Entering his fourth six-year term as Russian president, Vladimir Putin must now confront the wreckage of past diplomacy and a volatile domestic landscape.
Though the Kremlin escalated an international crisis on Thursday, expelling 60 American diplomats in a tit-for-tat exchange sparked by its approval of extrajudicial assassinations, strategists predict a ceasefire as Putin faces collective action from Western powers.
“It’s all about making points and the points have been made,” Lawrence Freedman, emeritus professor of war studies at King’s College and author of The Future of War, told Observer. “There’s nothing surprising about what happened today. The Russians have not exceeded what the allies did [last week], so I suspect they hope ‘that’s it.’ I doubt there will be much more from the alliance as a whole.”
Noting the expulsions were likely against officials with intelligence functions, rather than mainstream diplomatic responsibilities, Freedman added that diplomacy was still on the table for all parties. Whether or not such dialogue will translate into action remains another question, especially as Russia continues testing the contours of the liberal international order.
“The important thing in the more general sense is that Russia has gotten into a very isolated position,” said Freedman. “To the extent it had been trying to divide the West, which many people thought was succeeding, it hasn’t succeeded as well as was suggested. One reason for that is that lots of individual countries have their own gripes with Russia.”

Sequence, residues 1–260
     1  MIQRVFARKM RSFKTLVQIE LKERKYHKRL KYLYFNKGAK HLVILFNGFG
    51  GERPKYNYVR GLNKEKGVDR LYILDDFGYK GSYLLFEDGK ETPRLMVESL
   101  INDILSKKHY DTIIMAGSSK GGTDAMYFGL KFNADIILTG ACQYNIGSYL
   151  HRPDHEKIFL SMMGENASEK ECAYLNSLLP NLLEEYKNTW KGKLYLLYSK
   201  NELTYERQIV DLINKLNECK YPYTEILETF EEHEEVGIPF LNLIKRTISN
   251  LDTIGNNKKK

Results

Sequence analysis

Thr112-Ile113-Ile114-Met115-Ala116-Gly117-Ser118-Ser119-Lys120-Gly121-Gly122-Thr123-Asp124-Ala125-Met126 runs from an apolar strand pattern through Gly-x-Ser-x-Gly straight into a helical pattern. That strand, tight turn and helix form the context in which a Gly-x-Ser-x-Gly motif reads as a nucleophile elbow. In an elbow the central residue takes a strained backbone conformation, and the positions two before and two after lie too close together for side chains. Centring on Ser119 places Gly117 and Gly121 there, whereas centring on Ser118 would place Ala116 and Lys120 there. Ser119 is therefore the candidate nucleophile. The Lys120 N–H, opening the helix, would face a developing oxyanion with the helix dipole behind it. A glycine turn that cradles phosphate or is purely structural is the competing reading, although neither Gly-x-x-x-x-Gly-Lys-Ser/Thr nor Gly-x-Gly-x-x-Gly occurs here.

The Netherlands, for example, have been plagued by Russian disinformation campaigns and military fallout—in 2011, a Malaysian Airlines craft carrying a majority of Dutch citizens onboard was gunned down over Eastern Ukraine by pro-Russian forces. Expelling two Russian diplomats in a show of solidarity with Great Britain, Holland joined 28 other powers buttressing Putin’s aggression.
“By and large, when countries do this, they do it alone. The fact that so many other countries supported the British was the most unique feature of this,” said Freedman. “It tells the Russians there’s more common ground opposed to them than there is supporting them.”
Despite touting “invincible” nuclear warheads, a space mission to Mars and a landslide reelection victory, the Russian president faces a tumultuous domestic landscape.
Protests erupted in the Siberian town of Kemerovo on Tuesday as Putin visited in the aftermath of a mall fire which killed 64 people—many of whom were children. The New York Times reported that several men confronted Kemerovo’s deputy governor Sergei Tsivilev about Russia’s widespread corruption during a staged event attended by Putin.
Further dissonance was fanned online by Russia’s opposition leader Aleksei A. Navalny, who was barred from running this election cycle in a move seen by many as politically motivated.
Even the world’s greatest Machiavellian accredited with dismantling Western democracy struggles in pacifying his own citizens. Vexed with an unsettled population and containment efforts taken collectively by the Western powers, Putin is best served to consolidate his gains abroad and develop a grand strategy to channel nationalist sentiments at home.